Postby gcninja » 01 Nov 2015, 11:53

Trying to read more personally. Like 3 books a week but it's hard with my work schedule. Right now on the list is the last Splinter Cell book (funny because I think it's actually the first in the series), The Harry Potter Collection. Read the first two in a day each (actually one sitting each) and then stopped halfway through the third. Also on the list are The Martian and an assassins creed book. We'll see what I get done.
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Bebop Man
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Re: Books you're reading now

Postby Bebop Man » 26 Nov 2015, 18:57

Reading The Hitchhiker's Guide to the Galaxy, first time around. Fun read! Guy was a visionary.
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Re: Books you're reading now

Postby alexzorg » 26 Nov 2015, 23:12

i wish i had a reading habit :(
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Re: Books you're reading now

Postby RoboNixon » 29 Nov 2015, 06:50

alexzorg wrote:i wish i had a reading habit :(


Reading is a lot like food. You just have to find something you like. Don't worry about other people's tastes :)
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Re: Books you're reading now

Postby Ptangmatik » 12 Dec 2015, 15:28

If it'll help, I could lend you a reading wimple?
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Re: Books you're reading now

Postby Psyclone » 12 Dec 2015, 16:46

Ptangmatik wrote:If it'll help, I could lend you a reading wimple?

eyyyyyyyyyy

In other news, I'm reading the Hamilton biography since I listened to the soundtrack, and it's fascinating. I'd forgotten how much I love biographies. Maybe I'll get back into it over the break.
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Re: Books you're reading now

Postby RoboNixon » 15 Dec 2015, 12:13

After listening to Cam on the Prometheus Corrector's Commentary podcast, I will attempt to read The Golden Bough by James Frazer.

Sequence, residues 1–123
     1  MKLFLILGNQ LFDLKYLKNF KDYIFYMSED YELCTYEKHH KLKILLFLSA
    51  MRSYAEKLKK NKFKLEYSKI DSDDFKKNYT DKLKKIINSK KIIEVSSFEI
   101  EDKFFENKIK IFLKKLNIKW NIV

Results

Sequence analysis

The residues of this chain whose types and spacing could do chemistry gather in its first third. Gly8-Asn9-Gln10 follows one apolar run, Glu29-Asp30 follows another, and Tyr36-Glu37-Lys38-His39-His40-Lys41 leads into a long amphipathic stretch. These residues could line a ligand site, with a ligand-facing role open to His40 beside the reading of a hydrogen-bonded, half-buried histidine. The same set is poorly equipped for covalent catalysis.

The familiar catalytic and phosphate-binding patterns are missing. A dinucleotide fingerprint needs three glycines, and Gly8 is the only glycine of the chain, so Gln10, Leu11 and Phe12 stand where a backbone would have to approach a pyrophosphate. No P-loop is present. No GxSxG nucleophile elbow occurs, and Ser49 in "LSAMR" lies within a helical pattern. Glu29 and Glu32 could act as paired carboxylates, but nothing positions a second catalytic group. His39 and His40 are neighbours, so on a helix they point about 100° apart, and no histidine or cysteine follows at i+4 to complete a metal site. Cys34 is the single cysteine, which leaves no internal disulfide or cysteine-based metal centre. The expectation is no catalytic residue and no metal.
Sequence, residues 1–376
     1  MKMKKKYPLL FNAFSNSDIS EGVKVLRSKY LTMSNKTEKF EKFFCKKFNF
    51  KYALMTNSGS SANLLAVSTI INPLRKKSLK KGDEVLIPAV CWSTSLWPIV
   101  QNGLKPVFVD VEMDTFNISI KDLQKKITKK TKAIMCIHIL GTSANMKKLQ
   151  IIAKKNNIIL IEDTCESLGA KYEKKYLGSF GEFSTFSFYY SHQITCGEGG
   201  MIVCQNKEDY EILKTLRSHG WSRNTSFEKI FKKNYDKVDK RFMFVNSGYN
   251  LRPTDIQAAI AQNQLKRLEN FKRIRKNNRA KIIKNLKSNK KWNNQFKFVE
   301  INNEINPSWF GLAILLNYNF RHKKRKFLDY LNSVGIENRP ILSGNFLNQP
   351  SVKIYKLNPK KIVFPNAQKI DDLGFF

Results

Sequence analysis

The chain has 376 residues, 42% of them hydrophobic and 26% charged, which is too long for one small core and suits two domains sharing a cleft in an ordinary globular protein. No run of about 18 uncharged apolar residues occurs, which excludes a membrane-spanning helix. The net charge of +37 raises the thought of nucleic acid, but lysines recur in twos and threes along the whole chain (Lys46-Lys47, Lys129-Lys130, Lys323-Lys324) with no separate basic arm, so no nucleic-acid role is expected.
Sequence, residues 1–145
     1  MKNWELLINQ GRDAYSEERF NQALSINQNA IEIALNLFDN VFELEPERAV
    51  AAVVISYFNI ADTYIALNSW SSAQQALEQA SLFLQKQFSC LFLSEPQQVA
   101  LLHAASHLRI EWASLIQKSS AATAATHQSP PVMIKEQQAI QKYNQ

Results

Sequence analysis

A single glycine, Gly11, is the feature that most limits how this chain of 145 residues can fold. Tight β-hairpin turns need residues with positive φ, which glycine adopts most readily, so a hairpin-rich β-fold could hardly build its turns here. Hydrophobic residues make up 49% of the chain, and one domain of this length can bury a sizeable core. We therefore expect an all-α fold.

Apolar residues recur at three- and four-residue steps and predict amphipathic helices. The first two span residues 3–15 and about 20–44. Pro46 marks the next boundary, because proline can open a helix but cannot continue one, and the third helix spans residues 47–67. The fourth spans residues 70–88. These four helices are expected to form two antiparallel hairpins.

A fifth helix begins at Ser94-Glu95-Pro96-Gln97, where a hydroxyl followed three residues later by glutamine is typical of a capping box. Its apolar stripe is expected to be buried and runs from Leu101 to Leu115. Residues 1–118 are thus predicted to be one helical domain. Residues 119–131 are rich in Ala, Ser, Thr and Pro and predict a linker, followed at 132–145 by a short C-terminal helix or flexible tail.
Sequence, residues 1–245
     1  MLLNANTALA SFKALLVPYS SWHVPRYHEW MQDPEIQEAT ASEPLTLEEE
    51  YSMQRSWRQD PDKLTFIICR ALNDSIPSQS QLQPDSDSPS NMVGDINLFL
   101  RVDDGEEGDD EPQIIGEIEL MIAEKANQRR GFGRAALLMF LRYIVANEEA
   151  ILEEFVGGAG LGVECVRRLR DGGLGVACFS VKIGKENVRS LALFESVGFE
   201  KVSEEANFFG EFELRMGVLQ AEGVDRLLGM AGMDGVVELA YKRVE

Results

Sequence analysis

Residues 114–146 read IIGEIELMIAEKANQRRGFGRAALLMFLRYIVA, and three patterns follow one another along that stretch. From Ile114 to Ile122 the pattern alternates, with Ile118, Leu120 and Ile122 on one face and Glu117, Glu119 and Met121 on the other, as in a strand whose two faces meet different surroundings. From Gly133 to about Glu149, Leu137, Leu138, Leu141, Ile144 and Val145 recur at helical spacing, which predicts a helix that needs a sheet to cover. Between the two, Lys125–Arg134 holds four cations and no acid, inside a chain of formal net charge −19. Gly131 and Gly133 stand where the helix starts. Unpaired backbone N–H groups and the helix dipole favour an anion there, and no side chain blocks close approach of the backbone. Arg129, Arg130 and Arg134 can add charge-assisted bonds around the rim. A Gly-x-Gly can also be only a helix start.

If you like bios Psyclone, American Lion by Jon Meacham is a fascinating read about President Andrew Jackson.
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Re: Books you're reading now

Postby Psyclone » 15 Dec 2015, 15:06

I've read some of Meacham's stuff and I wasn't a huge fan of American Gospel, but I'll definitely check it out!
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Re: Books you're reading now

Postby RoboNixon » 15 Dec 2015, 19:00

Some of Meacham's books aren't great, but I enjoyed it. Jackson is a character :)
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Re: Books you're reading now

Postby Bebop Man » 26 Dec 2015, 13:47

Finished reading Cormac McCarthy's The Sunset Limited. It's a "novel in dramatic form" (i.e. pure dialogue and some sparse stage directions), where one character is trying to talk the other out of killing himself. The gist is that the suicidal thoughts are argued on intellectual rather than emotional principles, and that the might-be savior is deeply religious.

Now I'm starting On Chesil Beach, by Ian McEwan. It's a couple of virgin newlyweds on the first day of their honeymoon. He's super nervous about sex, she's disgusted by the thought. It's my first McEwan book, I'm liking it. It's a pleasure to read out loud.
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Re: Books you're reading now

Postby fantôme » 28 Dec 2015, 04:59

An Unkindness of Ravens, a book of collective nouns - Chloe Rhodes. Because for some reason I'm a lover of etymology, goodness knows where that came from.
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Re: Books you're reading now

Postby Ptangmatik » 28 Dec 2015, 09:30

Received "A brief history of time" for xmas, so I guess I'm rereading that
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Re: Books you're reading now

Postby Bebop Man » 30 Dec 2015, 16:57

Here's my review of On Chesil Beach (2007), my 35th and final book this year.